By: REBECCA ADELMAN
The Tennessee Supreme Court agreed in June to hear a challenge to the constitutionality of a Tennessee law that requires judges to override jury awards in civil lawsuits. Hudson News Shop, the ubiquitous pit stop for frequent fliers found in airports across the country, had bad news to report in 2006. While in one of their shops in Nashville, Tennessee, a California resident’s foot was injured when a decorative piece of trim around a freestanding beverage cooler fell on it.
While the resident still caught her flight home, she would later sue, in a case that would last until 2018 and include a $444,500 economic damage award and a $930,000 non-economic damage award. After the verdict, the Defendant asked that the state’s statutory cap on noneconomic damages be applied, limiting recovery to $750,000. The plaintiff objected, making the same argument – which found favor with the Sixth Circuit only sixth months ago – that such a cap violates a plaintiff’s right to trial by jury and violated the doctrine of separate powers.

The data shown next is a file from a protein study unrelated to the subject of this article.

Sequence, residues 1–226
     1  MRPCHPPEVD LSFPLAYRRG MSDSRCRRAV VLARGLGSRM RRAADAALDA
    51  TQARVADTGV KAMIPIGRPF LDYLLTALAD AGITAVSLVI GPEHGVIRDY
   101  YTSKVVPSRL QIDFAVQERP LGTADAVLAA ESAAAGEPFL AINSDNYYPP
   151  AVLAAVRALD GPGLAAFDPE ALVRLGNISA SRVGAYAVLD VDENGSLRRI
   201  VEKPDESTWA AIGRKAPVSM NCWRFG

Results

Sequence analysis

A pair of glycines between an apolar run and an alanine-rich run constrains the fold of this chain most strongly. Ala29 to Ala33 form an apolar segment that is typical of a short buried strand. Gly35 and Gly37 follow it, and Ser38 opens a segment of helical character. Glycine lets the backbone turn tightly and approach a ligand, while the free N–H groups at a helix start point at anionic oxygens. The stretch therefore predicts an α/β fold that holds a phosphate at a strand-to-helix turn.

The District Judge noted Tennessee’s high court remained silent on the constitutionality question and asked the Tennessee Supreme Court to break that silence before he rendered a decision. The court agreed to do so and specifically directed the state attorney general’s office to participate. A hearing date has not been set yet. It may be December before we get an answer to cap or no cap.